The second phase of the easing of Greece’s lockdown kicked in on Monday May 11, with the opening of small retail businesses, betting shops, and driving schools. Together these businesses comprise 25% of those forced to shutter under emergency measures, on top of the 10% which re-opened in the previous week. Final-year high-school students will also return to their classrooms to prepare for university entry exams. Strict hygiene and distancing protocols will apply to all activities.
The European Commission released its Spring 2020 Economic Forecast, which predicts a -9.7% contraction for the Greek economy in 2020, followed by a 7.9% rebound in 2021. Greece is expected to suffer the most severe economic hit from the pandemic among EU economies because of its high dependency on the hospitality sector and the large role played by small and micro businesses. The Commission’s forecast does not take account of government support measures estimated to be worth 6.9% of GDP, and makes more pessimistic assumptions about tourism revenues than the Greek government’s official projection.
Some good news emerged on Friday, when the Eurogroup agreed on minimal terms for the ESM credit line, which will allow euro-area Member States to borrow up to 2% of their GDP to cover the direct and indirect costs of fighting the pandemic. For Greece, this could provide breathing space of €3.8 billion at below-market borrowing rates with very few strings attached. However, the Finance Ministry has not yet indicated whether it intends to tap the facility.
Greece has joined an informal forum of eight countries – with Austria, Denmark, Norway, the Czech Republic, Israel, Singapore and Australia – that have successfully managed the first wave of the pandemic. The group will share best practices for easing lockdowns, and discuss solutions to revive national economies and manage a possible second wave of infections. Prime Minister Kyriakos Mitsotakis has initiated a more systematic discussion on protocols that could underpin the creation of “safe corridors” for travel between participating countries.
The first tangible evidence of the positive mood towards Greece as a tourist destination was recorded in the survey presented by TCI Research, which captures the global sentiment by monitoring global social media posts. Greece recorded the highest positive balance of comments compared to its peers in the Mediterranean like Italy, Spain and France, increasing its lead in the course of the pandemic.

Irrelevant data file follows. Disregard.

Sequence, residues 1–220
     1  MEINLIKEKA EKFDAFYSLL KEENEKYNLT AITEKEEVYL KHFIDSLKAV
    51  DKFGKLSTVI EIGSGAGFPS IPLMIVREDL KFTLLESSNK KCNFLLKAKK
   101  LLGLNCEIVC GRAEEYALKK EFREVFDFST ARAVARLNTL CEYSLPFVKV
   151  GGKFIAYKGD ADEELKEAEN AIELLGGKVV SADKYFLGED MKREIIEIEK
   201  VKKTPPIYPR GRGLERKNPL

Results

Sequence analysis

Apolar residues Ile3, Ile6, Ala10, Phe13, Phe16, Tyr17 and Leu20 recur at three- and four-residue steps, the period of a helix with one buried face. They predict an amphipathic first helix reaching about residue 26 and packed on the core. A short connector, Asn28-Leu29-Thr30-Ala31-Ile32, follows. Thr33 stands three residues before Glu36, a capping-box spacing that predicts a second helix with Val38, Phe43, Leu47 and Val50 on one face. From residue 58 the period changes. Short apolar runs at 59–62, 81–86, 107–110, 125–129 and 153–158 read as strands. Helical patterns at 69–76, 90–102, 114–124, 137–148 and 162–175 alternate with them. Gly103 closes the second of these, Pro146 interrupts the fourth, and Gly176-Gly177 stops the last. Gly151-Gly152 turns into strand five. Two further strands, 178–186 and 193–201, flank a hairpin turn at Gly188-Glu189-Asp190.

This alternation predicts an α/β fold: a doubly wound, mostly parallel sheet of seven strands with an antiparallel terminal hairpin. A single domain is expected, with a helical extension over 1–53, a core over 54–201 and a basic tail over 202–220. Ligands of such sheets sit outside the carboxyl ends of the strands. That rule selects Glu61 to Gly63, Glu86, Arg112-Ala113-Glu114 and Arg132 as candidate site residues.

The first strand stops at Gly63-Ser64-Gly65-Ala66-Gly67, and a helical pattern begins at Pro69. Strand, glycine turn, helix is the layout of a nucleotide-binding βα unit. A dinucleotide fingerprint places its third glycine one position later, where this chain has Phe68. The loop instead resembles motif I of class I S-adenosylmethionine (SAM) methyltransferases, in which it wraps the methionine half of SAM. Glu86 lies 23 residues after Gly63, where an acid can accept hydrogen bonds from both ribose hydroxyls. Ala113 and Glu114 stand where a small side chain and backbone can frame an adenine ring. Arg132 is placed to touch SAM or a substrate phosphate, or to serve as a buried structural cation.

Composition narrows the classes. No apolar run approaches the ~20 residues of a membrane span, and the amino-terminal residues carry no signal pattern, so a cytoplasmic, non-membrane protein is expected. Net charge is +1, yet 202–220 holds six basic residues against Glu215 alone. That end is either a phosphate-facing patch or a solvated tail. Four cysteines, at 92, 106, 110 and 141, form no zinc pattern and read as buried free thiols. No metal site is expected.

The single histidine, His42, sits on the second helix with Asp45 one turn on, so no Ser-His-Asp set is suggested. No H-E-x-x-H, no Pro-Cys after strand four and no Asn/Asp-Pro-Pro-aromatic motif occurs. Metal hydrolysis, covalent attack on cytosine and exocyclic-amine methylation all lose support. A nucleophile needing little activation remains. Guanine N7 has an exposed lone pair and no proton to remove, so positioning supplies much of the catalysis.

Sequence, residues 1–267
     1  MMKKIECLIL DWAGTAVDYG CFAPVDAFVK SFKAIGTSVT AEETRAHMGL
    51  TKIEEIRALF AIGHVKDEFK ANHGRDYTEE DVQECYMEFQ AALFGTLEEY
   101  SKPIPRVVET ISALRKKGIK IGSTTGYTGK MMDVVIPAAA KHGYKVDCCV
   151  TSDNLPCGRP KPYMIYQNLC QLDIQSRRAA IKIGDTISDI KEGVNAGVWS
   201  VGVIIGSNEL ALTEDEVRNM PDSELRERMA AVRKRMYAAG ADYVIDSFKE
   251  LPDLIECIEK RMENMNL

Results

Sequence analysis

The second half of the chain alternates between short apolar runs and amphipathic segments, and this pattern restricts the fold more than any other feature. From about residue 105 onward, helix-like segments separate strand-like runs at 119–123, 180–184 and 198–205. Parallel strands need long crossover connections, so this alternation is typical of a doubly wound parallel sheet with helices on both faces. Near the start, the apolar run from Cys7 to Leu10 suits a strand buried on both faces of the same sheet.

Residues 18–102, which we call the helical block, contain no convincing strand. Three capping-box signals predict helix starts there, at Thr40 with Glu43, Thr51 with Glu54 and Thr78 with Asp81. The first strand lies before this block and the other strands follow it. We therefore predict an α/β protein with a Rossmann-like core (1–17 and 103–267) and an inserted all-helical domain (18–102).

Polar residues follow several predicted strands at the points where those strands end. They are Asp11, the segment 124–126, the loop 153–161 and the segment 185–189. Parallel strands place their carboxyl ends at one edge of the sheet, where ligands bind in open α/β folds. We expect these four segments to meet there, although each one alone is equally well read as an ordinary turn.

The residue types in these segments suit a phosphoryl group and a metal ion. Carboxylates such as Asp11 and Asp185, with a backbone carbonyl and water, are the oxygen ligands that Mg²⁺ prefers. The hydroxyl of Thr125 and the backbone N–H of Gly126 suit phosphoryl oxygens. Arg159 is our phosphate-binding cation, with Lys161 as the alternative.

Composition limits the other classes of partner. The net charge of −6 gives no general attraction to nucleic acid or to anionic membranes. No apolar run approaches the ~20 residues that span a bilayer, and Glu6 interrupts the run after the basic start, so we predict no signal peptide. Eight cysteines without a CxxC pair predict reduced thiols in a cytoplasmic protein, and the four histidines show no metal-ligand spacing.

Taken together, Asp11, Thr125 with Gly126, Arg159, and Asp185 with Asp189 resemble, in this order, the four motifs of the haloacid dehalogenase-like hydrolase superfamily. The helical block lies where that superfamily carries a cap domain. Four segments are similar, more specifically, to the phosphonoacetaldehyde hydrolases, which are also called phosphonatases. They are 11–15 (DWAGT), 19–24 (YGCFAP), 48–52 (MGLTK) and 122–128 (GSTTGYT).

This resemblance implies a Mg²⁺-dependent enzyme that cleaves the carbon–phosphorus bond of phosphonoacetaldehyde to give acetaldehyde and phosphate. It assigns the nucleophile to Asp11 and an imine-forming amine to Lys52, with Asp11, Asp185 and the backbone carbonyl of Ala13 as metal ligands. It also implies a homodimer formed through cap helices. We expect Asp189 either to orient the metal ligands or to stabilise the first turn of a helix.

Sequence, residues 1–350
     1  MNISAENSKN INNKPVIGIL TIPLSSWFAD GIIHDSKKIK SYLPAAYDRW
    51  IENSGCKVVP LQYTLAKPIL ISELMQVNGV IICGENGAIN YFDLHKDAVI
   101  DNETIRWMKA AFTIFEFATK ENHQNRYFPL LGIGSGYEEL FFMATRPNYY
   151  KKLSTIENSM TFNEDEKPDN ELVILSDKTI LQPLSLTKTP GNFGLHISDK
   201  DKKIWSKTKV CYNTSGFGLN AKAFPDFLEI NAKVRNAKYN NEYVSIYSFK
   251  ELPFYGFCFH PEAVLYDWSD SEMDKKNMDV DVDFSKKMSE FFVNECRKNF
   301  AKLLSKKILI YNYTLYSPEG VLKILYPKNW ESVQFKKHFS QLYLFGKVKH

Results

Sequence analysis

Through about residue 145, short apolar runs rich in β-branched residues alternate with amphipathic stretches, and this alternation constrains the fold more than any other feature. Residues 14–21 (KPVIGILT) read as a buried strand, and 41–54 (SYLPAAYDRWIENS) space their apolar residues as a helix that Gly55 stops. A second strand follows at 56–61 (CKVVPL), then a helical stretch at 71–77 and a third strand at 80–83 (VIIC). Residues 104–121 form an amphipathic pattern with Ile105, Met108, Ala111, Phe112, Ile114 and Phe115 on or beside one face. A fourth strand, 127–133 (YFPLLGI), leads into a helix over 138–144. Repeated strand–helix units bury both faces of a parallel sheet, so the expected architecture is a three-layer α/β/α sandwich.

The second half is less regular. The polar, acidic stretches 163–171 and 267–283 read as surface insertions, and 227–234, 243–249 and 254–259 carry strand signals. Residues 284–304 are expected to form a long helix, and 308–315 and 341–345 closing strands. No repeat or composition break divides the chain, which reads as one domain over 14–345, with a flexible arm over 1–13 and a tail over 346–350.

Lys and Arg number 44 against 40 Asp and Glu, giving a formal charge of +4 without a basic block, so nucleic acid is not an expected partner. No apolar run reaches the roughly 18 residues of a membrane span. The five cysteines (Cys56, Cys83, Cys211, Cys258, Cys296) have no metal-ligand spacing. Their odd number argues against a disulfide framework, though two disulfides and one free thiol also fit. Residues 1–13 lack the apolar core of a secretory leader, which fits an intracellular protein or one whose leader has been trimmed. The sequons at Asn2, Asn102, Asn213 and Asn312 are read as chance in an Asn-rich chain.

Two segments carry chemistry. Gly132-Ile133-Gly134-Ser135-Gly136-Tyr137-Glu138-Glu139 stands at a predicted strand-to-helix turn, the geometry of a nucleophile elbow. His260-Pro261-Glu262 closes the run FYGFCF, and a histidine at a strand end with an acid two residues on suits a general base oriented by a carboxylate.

The World Travel and Tourism Council’s (WTTC) annual report highlighted the vital role of the tourism sector in the Greek economy. Launching the report, WTTC President Gloria Guevara said that due to its successful handling of COVID-19 Greece could be among the first countries in Europe to welcome tourists.
The government is close to releasing its strategic plan for tourism, which will be based on five pillars: hygiene protocols; economic support for tourism businesses; diplomatic agreements on border controls; a targeted promotional campaign; and leveraging existing relationships with tour operators.
Patras-based semiconductor start-up Think Silicon was acquired by Applied Materials of Santa Clara, California. Think Silicon specialises in the design and development of high-performance graphics processing units with applications in portable devices and domestic appliances.
On April 29, Greece was removed from the U.S. watchlist on intellectual property rights, opening the road to further inward investment in the tech sector.
Property website spitogatos.gr reported a 19% YoY rise in property searches by foreign buyers in April, suggesting that the Greek real estate market could see an immediate benefit from the positive image of the country emerging from the pandemic. German, U.K. and U.S.-based buyers topped the ranks in online searches for Greek properties.
Banks are preparing to extend €23 billion of credit to the private sector in the course of 2020 through a range of schemes, including guarantees by the Hellenic Development Bank and the Greek state. The Bank of Greece will be convening a working group with a view to cutting red tape around loan approvals, while Prime Minister Mitsotakis personally urged bankers participating in a teleconference on Tuesday to act swiftly to absorb the economic shock of the pandemic.
The operations of the privatisation fund HRADF have been extended by two years until July 2022, to make up for pandemic-related delays in the privatisation programme. The fund’s president told Reuters that the organisation will aim to ride out the storm and not rush to close deals at sub-optimal revenues.
The redevelopment of the former airport site at Hellinikon moved one step closer with the Council of State, Greece’s top administrative court, dismissing the appeal by Hard Rock International against its exclusion from the tender for the casino permit. This leaves Mohegan Gaming and Entertainment as the sole bidder for the license to operate the casino resort planned for the site.
The ASE general index closed the week down -3.86% after a week of mixed fortunes for Greek stocks. Banking stocks continued to slide, but several companies stood out with gains. This week’s winners include Mytilineos, which is due to make its debut in the MSCI Emerging Markets index in June, as well as GEK Terna and Lamda Development which rose on news of progress on the Hellinikon project.